For more than a decade, the Parkinson’s Outcomes Project has captured the experiences of people with Parkinson’s disease (PD) and care partners on topics such as medications, treatment, exercise and lifestyle. How has this essential data helped make life better for people with Parkinson’s?
When researchers analyze the experiences of more than 13,000 people living with PD who seek treatment within the Parkinson’s Foundation global Centers of Excellence network, they can identify new and better ways to provide care and manage Parkinson’s. The goal of this study is to improve health outcomes and quality of life for people with Parkinson’s and care partners.
Parkinson’s Outcomes Project research has led to several findings that have already improved care within the PD community. Four primary landmark findings include:
Exercise and Physical Therapy
Increasing physical activity to at least 2.5 hours a week can slow the decline in quality of life and help people with Parkinson’s live fuller lives. At the same time, referrals to physical therapy during the early stage of disease can help prevent hospitalization and falls. These findings led to the establishment of the Exercise Initiative, partnering with physical therapists and exercise professionals nationally.
Depression and anxiety are the top factors impacting the overall health of people with Parkinson’s. This understanding has led to greater supports across Parkinson’s Foundation Centers of Excellence as well as a dedicated sub-study looking at mental health.
People with Parkinson’s are hospitalized 1.5 times more often than their peers without Parkinson’s, and these visits bring with them a host of complications. These findings resulted in the Foundation’s Hospitalization Initiative to drive culture and policy change at the hospital administration level. Learn more about the Parkinson’s Foundation hospitalization kit now.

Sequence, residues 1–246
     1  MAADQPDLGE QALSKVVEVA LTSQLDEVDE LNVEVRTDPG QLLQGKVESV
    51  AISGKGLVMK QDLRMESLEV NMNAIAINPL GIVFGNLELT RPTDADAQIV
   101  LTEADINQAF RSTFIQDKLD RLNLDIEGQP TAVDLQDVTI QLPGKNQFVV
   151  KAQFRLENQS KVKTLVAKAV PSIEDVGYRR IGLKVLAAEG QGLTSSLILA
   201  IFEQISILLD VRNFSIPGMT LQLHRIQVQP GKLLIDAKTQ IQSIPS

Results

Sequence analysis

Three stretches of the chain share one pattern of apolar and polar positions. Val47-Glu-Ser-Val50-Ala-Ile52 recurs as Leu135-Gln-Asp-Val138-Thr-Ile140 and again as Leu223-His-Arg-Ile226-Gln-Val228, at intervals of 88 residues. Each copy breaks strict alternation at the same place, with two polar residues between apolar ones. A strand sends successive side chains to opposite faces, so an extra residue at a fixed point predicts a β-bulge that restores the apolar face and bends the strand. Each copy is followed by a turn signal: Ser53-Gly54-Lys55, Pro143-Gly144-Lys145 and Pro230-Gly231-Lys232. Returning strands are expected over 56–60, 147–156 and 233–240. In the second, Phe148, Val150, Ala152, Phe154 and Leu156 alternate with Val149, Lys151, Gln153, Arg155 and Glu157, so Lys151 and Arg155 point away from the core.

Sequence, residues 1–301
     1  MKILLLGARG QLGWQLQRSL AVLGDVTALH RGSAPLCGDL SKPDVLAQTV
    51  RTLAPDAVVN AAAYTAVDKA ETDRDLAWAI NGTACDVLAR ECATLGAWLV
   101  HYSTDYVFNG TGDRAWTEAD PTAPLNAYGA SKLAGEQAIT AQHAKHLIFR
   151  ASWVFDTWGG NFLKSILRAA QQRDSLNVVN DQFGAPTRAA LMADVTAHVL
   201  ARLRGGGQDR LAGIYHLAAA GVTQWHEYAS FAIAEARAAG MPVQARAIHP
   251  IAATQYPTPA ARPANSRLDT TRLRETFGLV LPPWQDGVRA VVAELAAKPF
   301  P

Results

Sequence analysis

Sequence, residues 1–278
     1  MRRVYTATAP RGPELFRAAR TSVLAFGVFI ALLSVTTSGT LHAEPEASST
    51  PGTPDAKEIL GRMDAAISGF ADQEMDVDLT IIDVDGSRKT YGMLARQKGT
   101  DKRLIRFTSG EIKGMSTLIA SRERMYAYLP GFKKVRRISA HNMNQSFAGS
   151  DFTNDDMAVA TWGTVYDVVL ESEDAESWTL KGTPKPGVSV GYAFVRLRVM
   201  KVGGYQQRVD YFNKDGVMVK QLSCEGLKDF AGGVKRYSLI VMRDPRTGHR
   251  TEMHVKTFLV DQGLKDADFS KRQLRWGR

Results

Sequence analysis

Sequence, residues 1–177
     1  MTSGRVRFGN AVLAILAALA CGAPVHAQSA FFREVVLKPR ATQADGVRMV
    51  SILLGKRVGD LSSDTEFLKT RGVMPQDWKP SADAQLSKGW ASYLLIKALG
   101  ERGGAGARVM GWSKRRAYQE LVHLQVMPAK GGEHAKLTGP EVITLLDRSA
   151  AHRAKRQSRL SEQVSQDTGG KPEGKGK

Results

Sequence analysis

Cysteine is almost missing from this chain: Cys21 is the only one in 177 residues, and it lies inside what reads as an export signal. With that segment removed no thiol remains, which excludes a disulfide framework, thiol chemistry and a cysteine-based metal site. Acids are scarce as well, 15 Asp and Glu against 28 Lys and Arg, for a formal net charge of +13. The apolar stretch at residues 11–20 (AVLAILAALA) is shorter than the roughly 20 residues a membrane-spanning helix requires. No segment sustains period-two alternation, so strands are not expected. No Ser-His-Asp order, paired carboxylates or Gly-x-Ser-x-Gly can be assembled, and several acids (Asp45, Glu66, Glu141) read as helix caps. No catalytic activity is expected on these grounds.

The cost of caregiving increases 180% from early to advanced stages of Parkinson’s, with female care partners predominantly (72%) carrying the weight of care. Acknowledging these factors and how to best provide day-to-day care will help improve the quality of life for those with Parkinson’s and their care partners.
The Next Generation of Parkinson’s Research
The impact of the Parkinson’s Outcomes Project continues to direct the work of the Parkinson’s Foundation. Next, the study will next focus on recruiting more participants who are part of traditionally underrepresented populations in clinical research. The study will work to better understand the PD experiences of people with Young-Onset Parkinson’s, newly diagnosed, early and late-stage disease progression and broader ethnic and racial diversity.
The Foundation is underway with the next phase of the study, genetic testing offered through PD GENEration: Mapping the Future of Parkinson’s Disease. Genetic testing is a powerful tool that can help people learn more about their own disease, uncover biological pathways that cause Parkinson’s and can accelerate the development of improved treatments and care for all people with Parkinson’s.
“Together, the Parkinson’s Outcomes Project and PD GENEration will help researchers understand why and how Parkinson’s develops,” said James Beck, PhD, Parkinson’s Foundation Chief Scientific Officer. “These initiatives may also answer questions that researchers may never have asked, providing hope and a vision towards a cure for PD.”
For the full update from the field, read Parkinson’s Outcome Project: Improving the lives of people living with Parkinson’s through research. In this publication, we highlight landmark findings, how this research guides Foundation priorities, what’s next for the study and more. Read it now.
Learn more about the Parkinson’s Outcomes Project at Parkinson.org/Outcomes.